Nigeria, alongside the United States, Britain, and 15 other nations, revealed an international pact aimed at ensuring the safety of artificial intelligence (AI) from malicious use. Emphasising the need for AI systems to be “secure by design,” the 20-page document focuses on urging companies involved in AI development and utilisation to prioritise public and customer safety against potential misuse.
Although the agreement is non-binding, it emphasises crucial measures such as monitoring AI systems to prevent abuse, safeguarding data integrity, and vetting software providers. Jen Easterly, Director of the U.S. Cybersecurity and Infrastructure Security Agency, highlighted the significance of prioritising security in AI design, stressing that this marks a departure from solely focusing on features and market competitiveness.
“This marks an agreement that security is paramount in AI design, not just about cool features or speed to market,” Easterly affirmed to Reuters, endorsing the guidelines’ emphasis on security during the design phase.
Despite lacking specific enforcement measures, this initiative is part of a broader global effort among governments to shape AI development. The consortium of nations includes Germany, Italy, Estonia, Poland, Australia, Chile, Israel, and Nigeria, among others, which are all signatories to these new guidelines.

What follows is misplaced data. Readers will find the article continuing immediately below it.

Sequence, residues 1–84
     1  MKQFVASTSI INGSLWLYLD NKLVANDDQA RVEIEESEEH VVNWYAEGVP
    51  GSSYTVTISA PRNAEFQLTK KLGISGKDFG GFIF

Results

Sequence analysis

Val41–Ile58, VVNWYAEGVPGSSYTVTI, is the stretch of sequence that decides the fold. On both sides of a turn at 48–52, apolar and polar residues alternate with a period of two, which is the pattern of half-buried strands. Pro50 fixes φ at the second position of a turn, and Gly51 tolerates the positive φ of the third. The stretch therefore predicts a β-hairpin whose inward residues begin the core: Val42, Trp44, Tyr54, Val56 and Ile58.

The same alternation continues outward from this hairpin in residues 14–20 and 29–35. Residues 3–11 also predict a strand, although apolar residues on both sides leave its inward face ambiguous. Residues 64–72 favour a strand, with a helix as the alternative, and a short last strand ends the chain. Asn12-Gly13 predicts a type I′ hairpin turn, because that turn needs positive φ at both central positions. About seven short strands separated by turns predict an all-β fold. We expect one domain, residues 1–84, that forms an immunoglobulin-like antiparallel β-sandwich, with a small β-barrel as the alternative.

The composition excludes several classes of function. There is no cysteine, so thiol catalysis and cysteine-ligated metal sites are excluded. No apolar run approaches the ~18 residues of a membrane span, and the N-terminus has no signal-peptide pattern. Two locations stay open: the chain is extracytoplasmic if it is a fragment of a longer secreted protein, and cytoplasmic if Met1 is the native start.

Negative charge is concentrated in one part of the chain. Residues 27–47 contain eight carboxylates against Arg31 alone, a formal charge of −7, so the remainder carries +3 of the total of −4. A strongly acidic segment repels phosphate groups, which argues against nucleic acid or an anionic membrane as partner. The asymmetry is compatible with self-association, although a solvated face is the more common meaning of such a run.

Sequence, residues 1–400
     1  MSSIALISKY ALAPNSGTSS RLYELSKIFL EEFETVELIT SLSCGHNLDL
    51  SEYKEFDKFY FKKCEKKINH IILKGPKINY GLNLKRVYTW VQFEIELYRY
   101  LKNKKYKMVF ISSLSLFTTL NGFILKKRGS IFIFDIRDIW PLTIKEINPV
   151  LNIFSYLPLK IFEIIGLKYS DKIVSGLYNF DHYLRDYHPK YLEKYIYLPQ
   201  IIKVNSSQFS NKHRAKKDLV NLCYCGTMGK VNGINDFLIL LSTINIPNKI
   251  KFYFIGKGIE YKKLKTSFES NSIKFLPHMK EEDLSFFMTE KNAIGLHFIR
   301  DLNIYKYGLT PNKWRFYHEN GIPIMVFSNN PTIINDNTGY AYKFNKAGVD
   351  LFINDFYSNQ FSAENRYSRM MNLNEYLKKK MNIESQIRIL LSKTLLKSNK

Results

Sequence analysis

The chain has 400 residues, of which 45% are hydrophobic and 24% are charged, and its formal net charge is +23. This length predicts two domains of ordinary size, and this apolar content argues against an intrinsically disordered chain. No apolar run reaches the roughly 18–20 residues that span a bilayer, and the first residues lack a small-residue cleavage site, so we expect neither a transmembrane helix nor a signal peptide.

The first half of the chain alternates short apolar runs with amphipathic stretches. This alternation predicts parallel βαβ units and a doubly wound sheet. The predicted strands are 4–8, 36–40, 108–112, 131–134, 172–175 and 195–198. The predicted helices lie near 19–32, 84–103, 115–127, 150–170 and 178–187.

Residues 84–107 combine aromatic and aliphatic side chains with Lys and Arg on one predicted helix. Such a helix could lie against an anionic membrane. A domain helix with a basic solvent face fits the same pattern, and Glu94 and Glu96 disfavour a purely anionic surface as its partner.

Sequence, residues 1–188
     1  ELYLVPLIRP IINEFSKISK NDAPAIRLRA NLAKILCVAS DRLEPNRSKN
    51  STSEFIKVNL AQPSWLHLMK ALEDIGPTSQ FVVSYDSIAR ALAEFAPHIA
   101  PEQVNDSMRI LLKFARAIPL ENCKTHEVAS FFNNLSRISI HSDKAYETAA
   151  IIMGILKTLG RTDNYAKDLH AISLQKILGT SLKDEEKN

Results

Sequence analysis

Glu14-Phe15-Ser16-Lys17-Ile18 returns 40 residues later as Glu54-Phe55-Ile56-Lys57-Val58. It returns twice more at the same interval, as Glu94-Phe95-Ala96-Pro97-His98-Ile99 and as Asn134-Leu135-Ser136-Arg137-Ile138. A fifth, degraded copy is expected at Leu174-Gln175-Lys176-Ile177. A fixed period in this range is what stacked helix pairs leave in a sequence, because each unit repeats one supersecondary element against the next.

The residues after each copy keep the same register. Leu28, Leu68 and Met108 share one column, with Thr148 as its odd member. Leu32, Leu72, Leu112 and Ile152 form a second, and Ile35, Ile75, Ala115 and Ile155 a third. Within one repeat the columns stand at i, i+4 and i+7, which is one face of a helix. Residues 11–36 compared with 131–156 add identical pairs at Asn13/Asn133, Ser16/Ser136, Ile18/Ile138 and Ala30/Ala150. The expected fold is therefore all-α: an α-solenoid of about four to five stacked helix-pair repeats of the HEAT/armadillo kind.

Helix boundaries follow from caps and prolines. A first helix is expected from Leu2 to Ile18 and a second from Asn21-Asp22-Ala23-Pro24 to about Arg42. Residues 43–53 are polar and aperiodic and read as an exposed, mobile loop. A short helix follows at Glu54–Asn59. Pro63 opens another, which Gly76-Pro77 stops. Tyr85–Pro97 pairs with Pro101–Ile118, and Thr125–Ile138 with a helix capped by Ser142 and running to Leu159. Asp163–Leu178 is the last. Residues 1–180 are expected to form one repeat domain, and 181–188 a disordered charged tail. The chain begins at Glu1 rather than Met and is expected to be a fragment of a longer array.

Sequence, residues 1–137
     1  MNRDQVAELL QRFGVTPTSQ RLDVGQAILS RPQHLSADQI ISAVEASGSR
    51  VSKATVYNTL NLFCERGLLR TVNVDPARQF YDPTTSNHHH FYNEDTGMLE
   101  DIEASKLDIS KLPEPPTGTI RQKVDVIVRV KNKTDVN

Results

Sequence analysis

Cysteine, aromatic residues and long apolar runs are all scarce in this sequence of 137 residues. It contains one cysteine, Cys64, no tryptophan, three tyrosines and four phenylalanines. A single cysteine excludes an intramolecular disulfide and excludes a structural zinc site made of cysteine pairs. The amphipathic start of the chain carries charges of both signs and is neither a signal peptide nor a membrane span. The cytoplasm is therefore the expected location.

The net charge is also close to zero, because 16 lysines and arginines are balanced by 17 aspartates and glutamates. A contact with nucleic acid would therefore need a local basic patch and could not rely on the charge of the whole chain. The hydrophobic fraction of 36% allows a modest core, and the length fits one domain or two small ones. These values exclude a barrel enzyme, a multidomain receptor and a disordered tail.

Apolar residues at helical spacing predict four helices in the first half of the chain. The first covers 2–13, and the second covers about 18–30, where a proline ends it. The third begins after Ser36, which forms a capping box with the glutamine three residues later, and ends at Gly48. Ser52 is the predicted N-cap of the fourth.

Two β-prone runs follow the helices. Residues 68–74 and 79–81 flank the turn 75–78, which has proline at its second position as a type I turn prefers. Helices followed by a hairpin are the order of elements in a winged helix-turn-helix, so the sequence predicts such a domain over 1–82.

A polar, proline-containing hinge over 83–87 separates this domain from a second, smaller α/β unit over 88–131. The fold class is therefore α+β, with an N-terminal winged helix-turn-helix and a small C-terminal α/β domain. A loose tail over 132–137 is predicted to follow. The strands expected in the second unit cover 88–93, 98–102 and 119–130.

The outlined framework primarily addresses preventing AI technology hijacking and suggests steps like conducting security testing before releasing AI models. Notably absent are discussions on data acquisition for these models or the ethical uses of AI, areas that continue to pose significant challenges.
The rise of AI technology has triggered concerns regarding potential disruptions to democracy, increased fraud, and substantial job displacement. While Europe has taken strides in regulating AI, with lawmakers drafting rules, the U.S. has faced hurdles in enacting effective regulations due to a polarised Congress.
The Biden administration’s efforts towards AI regulation culminated in an executive order in October, aiming to minimise AI risks for consumers, workers, and marginalised groups while enhancing national security.